February 7, 2022
With everything Anthonia Ogundele has going on, it’s a real mystery how she finds time to sleep. Being on the UBC Board of Governors is just one of the many roles she’s taken on in recent years. Anthonia spends much of her time empowering youth as the executive director of Ethọ́s Lab, an extracurricular learning academy for teens that uses culture and diversity to bring greater representation to STEAM. She founded Ethos Lab after unsuccessfully looking for an ideal place for her daughter to learn and have fun that also reflected her cultural identity and met her social needs.
“When I look and see who is shaping the world, it doesn’t represent the community around us,” says Anthonia. Despite not having a science background, the self proclaimed problem solver took matters into her own hands by doing the relevant research and creating a diverse space for kids. “I’m taking an anti-racist lens to this work,” she says. “There’s a real underrepresentation in STEM. Why? It’s a consequence of our cultural issues.”
When I look and see who is shaping the world, it doesn’t represent the community around us.
- Anthonia Ogundele, Founder and Executive Director, Ethọ́s Lab
Lean into your humanity
Anthonia credits her father for teaching her about humanity. He came to Canada as a Nigerian immigrant to do his engineering PhD much before Anthonia was born. “You would imagine there weren’t a lot of people who looked like him at the University of Calgary,” she says.
We may look different from one another but on the inside we want the same things: to be seen, heard, and respected. “Black Lives Matter is as much about policy change and allyship as it is about ‘Our lives matter,’” says Anthonia. It’s with “the humanity of the Black experience,” specifically, that she created a space where “Black youth feel respected, reflected, and protected. And when you create space for an underrepresented or marginalized community,” adds Anthonia, “you’re actually creating a more inclusive environment for everybody.”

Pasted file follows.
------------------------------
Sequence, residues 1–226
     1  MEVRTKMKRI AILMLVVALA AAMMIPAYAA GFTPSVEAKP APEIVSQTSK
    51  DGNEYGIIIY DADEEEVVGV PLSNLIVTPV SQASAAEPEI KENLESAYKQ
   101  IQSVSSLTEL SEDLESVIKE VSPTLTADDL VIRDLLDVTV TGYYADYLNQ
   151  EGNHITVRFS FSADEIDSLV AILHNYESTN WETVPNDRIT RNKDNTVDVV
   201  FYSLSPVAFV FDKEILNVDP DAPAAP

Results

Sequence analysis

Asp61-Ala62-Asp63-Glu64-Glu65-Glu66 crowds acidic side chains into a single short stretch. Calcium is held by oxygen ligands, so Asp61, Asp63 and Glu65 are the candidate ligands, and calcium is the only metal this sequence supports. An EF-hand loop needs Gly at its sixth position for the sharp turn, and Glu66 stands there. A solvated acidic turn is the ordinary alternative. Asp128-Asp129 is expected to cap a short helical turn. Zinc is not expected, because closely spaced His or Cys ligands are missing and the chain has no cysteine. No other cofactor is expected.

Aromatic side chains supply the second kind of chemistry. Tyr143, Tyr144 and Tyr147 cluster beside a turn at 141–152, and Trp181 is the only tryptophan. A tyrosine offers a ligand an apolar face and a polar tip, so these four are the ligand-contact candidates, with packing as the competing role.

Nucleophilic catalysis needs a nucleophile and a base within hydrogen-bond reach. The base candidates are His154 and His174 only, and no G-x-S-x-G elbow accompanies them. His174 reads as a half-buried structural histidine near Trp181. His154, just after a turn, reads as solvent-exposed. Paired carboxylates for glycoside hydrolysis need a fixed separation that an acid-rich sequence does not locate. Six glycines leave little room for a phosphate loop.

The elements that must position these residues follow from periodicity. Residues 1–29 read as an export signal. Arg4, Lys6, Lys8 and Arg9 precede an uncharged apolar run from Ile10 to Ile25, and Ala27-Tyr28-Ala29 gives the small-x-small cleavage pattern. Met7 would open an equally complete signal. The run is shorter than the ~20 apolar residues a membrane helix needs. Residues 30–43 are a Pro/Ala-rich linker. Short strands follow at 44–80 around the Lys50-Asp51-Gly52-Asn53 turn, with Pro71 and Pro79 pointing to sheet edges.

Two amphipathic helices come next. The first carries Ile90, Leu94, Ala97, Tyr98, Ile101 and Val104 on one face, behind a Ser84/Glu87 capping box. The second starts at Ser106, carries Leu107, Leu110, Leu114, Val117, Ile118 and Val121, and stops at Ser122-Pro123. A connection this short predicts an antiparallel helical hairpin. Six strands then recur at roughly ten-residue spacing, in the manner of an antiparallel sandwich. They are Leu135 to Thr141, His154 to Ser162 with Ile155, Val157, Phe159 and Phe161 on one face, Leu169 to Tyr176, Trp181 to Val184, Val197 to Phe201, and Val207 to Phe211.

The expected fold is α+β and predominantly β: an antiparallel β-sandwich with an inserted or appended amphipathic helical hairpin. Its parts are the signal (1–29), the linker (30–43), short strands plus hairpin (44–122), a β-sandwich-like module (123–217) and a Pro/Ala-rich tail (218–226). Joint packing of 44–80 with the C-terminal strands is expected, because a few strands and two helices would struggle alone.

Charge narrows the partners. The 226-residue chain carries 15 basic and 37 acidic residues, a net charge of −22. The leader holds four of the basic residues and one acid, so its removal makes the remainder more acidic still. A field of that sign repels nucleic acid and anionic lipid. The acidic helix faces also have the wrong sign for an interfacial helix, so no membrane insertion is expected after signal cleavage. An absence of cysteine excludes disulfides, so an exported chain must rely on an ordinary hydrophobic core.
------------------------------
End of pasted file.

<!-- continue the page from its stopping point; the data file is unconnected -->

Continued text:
Take a break from books and workshops (and do this instead)
People always seem to want to share the books they’ve read with Anthonia. But she’d like folks to go beyond the reading and workshops, and actually have conversations with one another instead. Both with their own children, as well as with BIPOC. “It’s by time spent together that we expose our humanity and learn to respect one another,” she says.
“It’s about relationships 100%,” reiterates Anthonia. “People want to quote books to me but it’s about relationships, friendships, a connection with another person and saying, ‘I see you and you see me.’”
Conversations lead to community, which is at the heart of Ethọ́s Lab. Mentorship programs can be fleeting but the learning academy’s member model ensures the youth participants have unrestricted access to their diverse instructors and other leaders from ages 12 to 18. This is especially important because it’s not something they’re experiencing anywhere else, according to Anthonia. “Black youth are now having the experience of seeing Black people in leadership (at Ethọ́s Lab), which they won’t get in the education system. At all.”
But it’s not just about Black kids seeing Black leaders, it’s also about all the other kids seeing BIPOC leaders. The more the kids see themselves in the leaders, the more likely they will become leaders themselves, as was the case for Anthonia watching her father and her sister (also an engineer) grow their careers.
Diversity in STEM: It’s a good thing
Although Anthonia set out to create a space inspired by the humanity of the Black experience, what she has found is that the scope has widened to include others as well. “We have a lot of BIPOC young people, many of which are girls,” she says. Anthonia didn’t intend for Ethọ́s Lab to cater to any one gender or cultural group but she’s delighted by how everything has turned out. “When you start to build an inclusive environment it starts to include… everybody!” she says with a laugh.